- not for Arabs living a couple of thousand years later.
As Jesus made clear, the moral laws continue to describe how God wants people to relate to him and each other (in love).
antineoETC wrote:I am not claiming that Islamic teaching is from REAL "god" or any other supernatural entity. I no more believe in the reality of Allah than of Yaweh. My argument is that "Muhammad" and/or whoever else cobbled together the Qur'an clearly got their ideas about "divine law", "holy war" etc from the bible and his today religion stands as the worst indictment of that book.
And you are wrong. He may well have got his ideas from the bible but that does not make it an indictment of the bible because he has extracted those ideas from their biblical context so as to make them mean something completely different.
antineoETC wrote:If one accepts the premise that the god of the bible reserves the right to send prophets until kingdom come one is going to be naturally inclined to entertain the claims of those who periodically pop up claiming a direct line to the almighty than, say, an atheist. If one is unshakable in their faith that the bible is the truth, the whole truth and nothing but the truth then Muhammad naturally must be a false prophet if for no other reason than the Koran disagrees with the bible on certain issues regarding the nature of Jesus and his fate. Other believers in the bible, however, may be rather more open to contemplating Islam's claims that the original message of Jesus has been corrupted and be persuaded to "go over". This does happen. More likely they will be taken in by nominal Christian "prophets" and charismatic preachers like Joseph Smith, David Koresh or Pat Robertson. The existence of millions of mormons and their still-polygamous subsectarians as well as the "Religious right" in the US amply demonstrates the power of Old Testament concepts regarding "The Law", violence etc to subsume those of the New Testament in Christian minds.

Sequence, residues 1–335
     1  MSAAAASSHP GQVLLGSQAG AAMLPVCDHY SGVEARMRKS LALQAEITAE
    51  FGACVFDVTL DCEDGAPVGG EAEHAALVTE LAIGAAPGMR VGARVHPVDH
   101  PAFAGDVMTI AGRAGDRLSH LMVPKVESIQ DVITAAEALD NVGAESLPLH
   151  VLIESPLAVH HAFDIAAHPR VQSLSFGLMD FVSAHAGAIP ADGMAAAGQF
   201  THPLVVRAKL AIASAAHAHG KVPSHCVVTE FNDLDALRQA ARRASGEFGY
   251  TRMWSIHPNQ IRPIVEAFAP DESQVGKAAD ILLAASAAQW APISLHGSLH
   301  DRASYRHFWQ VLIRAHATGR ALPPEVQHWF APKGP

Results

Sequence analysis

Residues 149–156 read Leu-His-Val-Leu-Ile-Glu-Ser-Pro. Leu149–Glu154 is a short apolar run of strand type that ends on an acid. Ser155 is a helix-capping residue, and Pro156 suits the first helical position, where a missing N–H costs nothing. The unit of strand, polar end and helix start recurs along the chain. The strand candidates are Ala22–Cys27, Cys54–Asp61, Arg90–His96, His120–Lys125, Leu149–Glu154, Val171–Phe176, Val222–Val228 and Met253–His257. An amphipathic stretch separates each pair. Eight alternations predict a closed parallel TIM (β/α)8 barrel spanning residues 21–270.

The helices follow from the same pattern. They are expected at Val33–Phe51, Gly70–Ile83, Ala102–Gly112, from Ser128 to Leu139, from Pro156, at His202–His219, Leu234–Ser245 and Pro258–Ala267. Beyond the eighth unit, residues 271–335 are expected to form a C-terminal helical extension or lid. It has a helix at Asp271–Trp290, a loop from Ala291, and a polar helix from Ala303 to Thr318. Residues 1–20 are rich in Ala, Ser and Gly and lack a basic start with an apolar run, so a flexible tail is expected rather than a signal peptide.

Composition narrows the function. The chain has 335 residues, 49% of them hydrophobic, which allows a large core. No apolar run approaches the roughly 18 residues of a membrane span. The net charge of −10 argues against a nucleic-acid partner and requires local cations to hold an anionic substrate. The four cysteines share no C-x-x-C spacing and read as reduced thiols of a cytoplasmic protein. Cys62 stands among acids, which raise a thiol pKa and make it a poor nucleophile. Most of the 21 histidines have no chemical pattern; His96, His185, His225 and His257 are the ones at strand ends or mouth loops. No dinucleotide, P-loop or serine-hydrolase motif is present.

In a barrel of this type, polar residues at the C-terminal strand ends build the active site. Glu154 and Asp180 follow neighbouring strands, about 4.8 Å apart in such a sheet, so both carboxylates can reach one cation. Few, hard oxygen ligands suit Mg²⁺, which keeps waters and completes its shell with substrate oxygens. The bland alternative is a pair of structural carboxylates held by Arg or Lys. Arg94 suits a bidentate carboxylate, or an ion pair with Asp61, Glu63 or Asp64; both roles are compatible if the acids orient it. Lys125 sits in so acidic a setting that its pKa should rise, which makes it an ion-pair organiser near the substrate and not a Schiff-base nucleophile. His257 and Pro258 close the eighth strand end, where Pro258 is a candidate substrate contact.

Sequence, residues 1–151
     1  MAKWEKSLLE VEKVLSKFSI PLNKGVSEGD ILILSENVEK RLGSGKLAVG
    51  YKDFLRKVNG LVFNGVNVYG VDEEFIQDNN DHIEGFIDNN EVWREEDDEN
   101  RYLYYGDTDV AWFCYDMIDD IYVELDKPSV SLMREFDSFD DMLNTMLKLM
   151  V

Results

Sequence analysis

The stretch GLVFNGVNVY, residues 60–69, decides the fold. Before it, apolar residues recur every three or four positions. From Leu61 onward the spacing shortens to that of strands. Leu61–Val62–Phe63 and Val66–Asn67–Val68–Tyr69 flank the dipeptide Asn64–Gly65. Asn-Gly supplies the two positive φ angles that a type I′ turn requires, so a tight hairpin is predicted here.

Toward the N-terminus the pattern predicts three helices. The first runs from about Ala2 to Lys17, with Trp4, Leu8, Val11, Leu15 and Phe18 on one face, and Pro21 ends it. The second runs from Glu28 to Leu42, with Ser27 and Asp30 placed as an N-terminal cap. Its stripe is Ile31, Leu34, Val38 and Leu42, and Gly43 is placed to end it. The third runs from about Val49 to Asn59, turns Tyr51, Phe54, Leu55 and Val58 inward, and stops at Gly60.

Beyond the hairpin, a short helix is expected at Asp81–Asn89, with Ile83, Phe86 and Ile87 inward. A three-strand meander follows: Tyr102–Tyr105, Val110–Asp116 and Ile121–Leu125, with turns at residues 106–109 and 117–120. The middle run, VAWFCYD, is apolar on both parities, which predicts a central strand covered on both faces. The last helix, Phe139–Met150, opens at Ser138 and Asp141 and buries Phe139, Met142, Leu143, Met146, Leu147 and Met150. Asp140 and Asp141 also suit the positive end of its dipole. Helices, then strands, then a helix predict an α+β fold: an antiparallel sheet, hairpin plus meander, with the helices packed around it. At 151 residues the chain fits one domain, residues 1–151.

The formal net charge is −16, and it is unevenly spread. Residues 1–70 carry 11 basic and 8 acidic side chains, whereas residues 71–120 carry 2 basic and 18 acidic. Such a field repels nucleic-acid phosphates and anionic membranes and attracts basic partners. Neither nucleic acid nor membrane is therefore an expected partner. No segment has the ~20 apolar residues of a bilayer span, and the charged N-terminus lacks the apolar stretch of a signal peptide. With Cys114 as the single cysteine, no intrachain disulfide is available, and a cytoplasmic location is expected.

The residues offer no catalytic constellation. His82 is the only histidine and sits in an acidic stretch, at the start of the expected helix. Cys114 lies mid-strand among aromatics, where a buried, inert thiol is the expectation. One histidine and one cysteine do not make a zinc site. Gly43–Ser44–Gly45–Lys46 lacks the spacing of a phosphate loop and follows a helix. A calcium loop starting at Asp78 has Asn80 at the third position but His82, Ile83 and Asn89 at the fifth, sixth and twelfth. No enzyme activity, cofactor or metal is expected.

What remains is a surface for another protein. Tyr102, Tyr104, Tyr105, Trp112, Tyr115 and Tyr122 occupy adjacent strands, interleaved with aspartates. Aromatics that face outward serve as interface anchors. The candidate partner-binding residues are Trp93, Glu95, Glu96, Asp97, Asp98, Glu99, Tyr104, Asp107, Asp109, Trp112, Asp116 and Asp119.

And an atheist might be more likely to entertain claims of a 'non-religious' prophet such as Stalin or Mao. People seem to be able to believe all kinds of things. This is hardly an earth-shattering revelation. Nor does it mean that a particular teaching is responsible for everything that others might spin out of it.